Jesus was baptized to inaugurate a ministry with the crowds of sinners, which as Luke reports, John the Baptizer described in this way: “I baptize you with water; but one who is more powerful than I is coming, the thong of whose sandals I am not worthy to untie. He will baptize you with the Holy Spirit and fire. With a winnowing fork is in hand, he will clear the threshing floor and gather the wheat into his granary, burning the chaff with unquenchable fire.” That’s the essence of Jesus’ ministry, according to John, separating wheat from chaff which is to be burned.
Thus, our being baptized into Christ means being baptized with fire not just with water. Baptism into Christ, our Messiah, means that we are blown with the winds of the Spirit that separate our wheat from our chaff. And it’s our chaff, our unusable husks, that are burned with unquenchable fire.
This fiery word sounds like a threat, and it is a judgment, our being held accountable for that which in our lives does not bear good fruit.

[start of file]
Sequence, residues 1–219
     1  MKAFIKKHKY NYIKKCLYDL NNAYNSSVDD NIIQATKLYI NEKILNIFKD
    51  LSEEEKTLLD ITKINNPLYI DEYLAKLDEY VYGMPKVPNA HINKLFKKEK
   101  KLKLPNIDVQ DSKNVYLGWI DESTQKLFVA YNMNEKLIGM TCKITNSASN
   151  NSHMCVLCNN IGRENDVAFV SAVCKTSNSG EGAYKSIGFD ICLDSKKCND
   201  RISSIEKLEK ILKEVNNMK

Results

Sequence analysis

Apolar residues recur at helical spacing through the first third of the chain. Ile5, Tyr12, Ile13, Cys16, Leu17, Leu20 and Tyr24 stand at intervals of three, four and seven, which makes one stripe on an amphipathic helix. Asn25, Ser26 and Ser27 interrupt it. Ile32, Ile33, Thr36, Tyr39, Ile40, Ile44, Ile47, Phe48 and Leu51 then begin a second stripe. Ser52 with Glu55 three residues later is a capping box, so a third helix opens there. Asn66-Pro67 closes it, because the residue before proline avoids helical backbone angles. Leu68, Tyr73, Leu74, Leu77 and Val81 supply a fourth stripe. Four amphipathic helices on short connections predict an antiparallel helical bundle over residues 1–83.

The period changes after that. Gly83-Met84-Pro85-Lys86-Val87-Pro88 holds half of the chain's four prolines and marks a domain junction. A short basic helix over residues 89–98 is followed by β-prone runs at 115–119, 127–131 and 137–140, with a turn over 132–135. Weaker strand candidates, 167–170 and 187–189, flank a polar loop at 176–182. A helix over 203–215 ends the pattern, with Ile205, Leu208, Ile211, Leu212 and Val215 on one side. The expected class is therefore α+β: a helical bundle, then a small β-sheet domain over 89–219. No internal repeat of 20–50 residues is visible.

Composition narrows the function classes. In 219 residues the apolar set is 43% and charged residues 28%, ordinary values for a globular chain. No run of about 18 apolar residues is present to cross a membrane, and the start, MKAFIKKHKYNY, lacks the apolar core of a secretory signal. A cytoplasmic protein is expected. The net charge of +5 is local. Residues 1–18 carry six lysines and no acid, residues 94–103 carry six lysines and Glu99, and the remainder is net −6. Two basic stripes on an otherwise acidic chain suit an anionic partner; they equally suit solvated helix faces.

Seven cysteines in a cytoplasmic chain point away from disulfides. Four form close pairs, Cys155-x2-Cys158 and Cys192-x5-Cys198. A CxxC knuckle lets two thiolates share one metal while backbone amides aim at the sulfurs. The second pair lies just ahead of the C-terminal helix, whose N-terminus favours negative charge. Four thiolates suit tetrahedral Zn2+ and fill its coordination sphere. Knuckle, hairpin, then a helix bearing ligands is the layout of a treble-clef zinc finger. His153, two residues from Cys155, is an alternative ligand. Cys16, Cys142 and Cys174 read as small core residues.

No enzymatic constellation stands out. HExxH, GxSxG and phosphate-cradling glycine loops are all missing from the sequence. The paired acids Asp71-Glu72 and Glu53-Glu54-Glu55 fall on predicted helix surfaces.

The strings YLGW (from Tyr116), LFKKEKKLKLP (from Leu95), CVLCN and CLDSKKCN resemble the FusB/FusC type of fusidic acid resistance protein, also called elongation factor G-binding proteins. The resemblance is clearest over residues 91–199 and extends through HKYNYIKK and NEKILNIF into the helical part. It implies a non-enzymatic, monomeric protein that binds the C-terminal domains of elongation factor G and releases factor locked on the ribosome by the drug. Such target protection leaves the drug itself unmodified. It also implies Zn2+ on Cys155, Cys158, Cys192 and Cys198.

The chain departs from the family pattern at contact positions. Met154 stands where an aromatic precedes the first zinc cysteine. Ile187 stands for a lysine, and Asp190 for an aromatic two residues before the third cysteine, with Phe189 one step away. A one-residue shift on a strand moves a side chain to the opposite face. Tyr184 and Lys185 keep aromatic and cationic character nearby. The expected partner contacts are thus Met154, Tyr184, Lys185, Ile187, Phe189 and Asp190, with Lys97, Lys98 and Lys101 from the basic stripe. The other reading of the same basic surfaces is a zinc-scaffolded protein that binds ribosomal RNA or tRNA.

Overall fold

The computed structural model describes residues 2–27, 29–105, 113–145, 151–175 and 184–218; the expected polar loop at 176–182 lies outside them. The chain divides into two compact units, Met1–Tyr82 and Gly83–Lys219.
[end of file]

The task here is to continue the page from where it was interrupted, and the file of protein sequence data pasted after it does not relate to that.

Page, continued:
But the fiery ordeal of our baptism into Christ is also a promise, and good news, as suggested by the prophet Isaiah in today’s first reading: “Do not fear, for I have redeemed you; I have called you by name, you are mine. When you pass through the waters, I will be with you; and through the rivers, they shall not overwhelm you; when you walk through fire you shall not be burned, and the flame shall not consume you.” (Isaiah 43:1b-2)
The Spirit’s winnowing of us, that is, the holy winds as at creation blowing onto us to separate the chaff from our wheat, that which is unusable, unhelpful, sinful from that which bears fruit, this winnowing is ultimately gospel grace that generates and continues to renew our faith, our trust in a messianic judge who also is the compassionate, merciful God of love.
Which is to say, when it’s all said and done, as the prophet Isaiah assures us, the fire does not consume us, the fire does not damage us, but rather purifies us, justifies us by grace. Yes, this may hurt, but it’s for our healing and being made whole once again toward becoming and bearing the fruit of wholesome grain to feed a starving world.
And when it’s all said and done our fruit is ultimately sourced in the fruit that was born on the cross, our tree of life, a tree watered by the dirty torrents of the River Jordan when Jesus was baptized among the crowds, among us, when the Spirit descended in bodily form, for our salvation.
And with all of this, God is well pleased. Amen.